17. [...] A few years ago, when tensions were escalating between China and Taiwan, I met a colleague from the Chinese Studies department of my university in the hallway who told me how deeply concerned he was about the risk of an armed conflict. With the ignorance of an outsider, I took this lightly; and indeed nothing happened.  Now we have changed places; thanks to the Cheonan incident, I am worried. If it turns out that the North Koreans attacked the ship, then South Korean President Lee Myung Bak will be caught between a rock and a hard place. If he retaliates, he will risk a chain reaction that could result in a full-fledged war. If he does nothing, it might cost him his political career and invite further provocations.  (38 North) http://38north.org/2010/05/an-act-of-open-insubordination-implications-of-the-cheonan-incident-for-d… [...]

  18. JB says:

    Provocative analysis.

    I’d like to suggest a “riff” that extends the analysis to include the November 9th naval clash.

    If you consider the Cheonan sinking in the context of DPNK leadership power dynamics, then the exchange of gunfire between North and South Korean patrol boats on November 9, 2009 should certainally be considered as an important (and prehaps percipitating) event within DPNK power dynamic. It is not hard to image Kim several months ago wrestling with questions of how to respond.

    Kim must have been under enormous preasure to respond. As your analysis states, he certainally would not want to precipitate a regieme ending conflict w/the South. He also could not afford to not respond to the humiliating loss. An ideal response would provide plausible distance from any action and therefore diminsh a kinetic conflict w/S Korea, yet be credibly close enough to his influece so he could claim a possible success.

    It is not hard to imagine Kim approving a policy respone that may have included more aggessive assertion of DPNK claims re: Northern Limit Line. It would be easy to imagine that the military leadership at both the command and field level, who may be conerned about regime stability and authority, opted to intrept liberally their new missions in a much more aggessive manner than intended. The military’s aggressive intereption would serve to both meet the need for a response to the November 9th humiliation AND serve as a muscular and overt way to probe Kim’s aptitude and enthusiasm for contolling the military.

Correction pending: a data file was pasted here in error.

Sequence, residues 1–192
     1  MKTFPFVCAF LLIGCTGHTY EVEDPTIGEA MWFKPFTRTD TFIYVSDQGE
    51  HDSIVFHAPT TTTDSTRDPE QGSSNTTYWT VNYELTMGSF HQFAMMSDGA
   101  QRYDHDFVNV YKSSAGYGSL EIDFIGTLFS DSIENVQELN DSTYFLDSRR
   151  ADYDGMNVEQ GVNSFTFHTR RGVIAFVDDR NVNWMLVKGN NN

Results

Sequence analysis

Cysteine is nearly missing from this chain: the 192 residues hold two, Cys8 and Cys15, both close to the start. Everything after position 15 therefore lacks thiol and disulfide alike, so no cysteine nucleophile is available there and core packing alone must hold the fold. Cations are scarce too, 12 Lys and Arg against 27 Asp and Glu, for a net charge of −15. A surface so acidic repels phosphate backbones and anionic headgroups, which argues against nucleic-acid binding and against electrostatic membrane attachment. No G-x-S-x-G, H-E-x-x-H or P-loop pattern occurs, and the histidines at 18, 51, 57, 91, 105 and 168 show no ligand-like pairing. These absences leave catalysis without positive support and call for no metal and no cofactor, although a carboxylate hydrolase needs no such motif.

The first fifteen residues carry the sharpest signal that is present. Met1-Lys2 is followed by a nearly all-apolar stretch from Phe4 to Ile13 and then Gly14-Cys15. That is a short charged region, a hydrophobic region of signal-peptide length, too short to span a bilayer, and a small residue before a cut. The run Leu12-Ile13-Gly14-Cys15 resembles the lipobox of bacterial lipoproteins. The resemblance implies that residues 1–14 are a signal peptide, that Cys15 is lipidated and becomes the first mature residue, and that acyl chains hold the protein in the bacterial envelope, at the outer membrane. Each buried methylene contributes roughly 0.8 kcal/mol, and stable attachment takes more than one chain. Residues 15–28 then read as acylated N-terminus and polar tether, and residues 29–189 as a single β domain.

19. GWR says:

    Very interesting analysis, indeed! Is it possible, though, that the sinking was ordered by Kim as a means to bolster his strength in an internal succession process (ensuring a smooth dynastic transition instead of perhaps a coup)? A risky move, to be sure, but direct retaliation from South Korea remains the less likely option (and perhaps North Korea expected more ambiguity over the cause of the sinking, and miscalculated?).

    And while more provocative than a missile test, one might see the sinking as a not unrealistic development on a continuum of escalation in the NLL area.

    Could Kim therefore have used the incident as a propaganda victory, cementing his position and allowing him to visit Beijing without fear of internal instability? Any subsequent responses from South Korea and the US, which will be well short of war, could also be stage-managed by Kim for his benefit.

    Overall, I would certainly like to understand more about the current leadership tensions and rivalries in North Korea.

  20. Dan says:

    Interesting article. Thanks for stepping back and considering things from a different angle. But it seems that if indeed this were an act of gross insubordination there would be signs of a shakeup. I also think that such a sign of disunion in the ranks would have prevented Kim Jong-il from going to China out of fear of a coup.

    It is not completely impossible that this was an act of insubordination from a lower ranking soldier, so desperate with the situation in the North that he attacked the Cheonan in the hopes of triggering a renewed Korean War and toppling the regime.

  21. [...] This post was mentioned on Twitter by VOA Seoul, twittkaa. twittkaa said: U. of Vienna #northkorea scholar Ruediger Frank: "we have reason to be really worried this time" about instability http://bit.ly/ayuRaP [...]

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Credit for photo of young North Korean girl: T.M. All rights reserved, used with permission.